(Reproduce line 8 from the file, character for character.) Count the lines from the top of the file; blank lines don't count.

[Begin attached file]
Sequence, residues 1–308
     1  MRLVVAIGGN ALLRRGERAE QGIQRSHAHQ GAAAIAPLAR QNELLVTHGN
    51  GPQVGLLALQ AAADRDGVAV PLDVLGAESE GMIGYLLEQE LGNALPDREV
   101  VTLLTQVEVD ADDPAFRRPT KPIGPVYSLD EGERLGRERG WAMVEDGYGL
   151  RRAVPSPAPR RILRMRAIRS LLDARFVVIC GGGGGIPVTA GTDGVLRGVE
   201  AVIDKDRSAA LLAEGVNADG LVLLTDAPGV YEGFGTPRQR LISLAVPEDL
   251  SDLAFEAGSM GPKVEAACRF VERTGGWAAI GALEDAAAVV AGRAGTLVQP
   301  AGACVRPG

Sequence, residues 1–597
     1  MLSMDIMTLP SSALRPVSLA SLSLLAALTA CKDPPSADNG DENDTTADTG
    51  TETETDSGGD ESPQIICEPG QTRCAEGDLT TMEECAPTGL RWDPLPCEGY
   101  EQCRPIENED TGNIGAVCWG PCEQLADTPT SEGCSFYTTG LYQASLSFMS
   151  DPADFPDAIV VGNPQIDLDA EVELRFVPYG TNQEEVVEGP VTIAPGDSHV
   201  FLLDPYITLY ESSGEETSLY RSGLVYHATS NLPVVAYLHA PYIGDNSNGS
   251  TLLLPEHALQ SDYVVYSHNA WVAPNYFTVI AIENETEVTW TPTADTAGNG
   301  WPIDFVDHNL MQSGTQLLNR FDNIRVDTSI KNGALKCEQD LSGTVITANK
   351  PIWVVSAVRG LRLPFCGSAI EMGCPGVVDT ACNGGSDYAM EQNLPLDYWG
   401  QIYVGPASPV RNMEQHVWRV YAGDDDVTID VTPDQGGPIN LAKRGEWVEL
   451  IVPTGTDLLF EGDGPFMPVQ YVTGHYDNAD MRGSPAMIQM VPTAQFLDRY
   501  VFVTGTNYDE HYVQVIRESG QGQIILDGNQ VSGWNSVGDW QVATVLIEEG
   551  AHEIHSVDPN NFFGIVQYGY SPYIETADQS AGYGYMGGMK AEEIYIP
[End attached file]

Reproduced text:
   301  AGACVRPG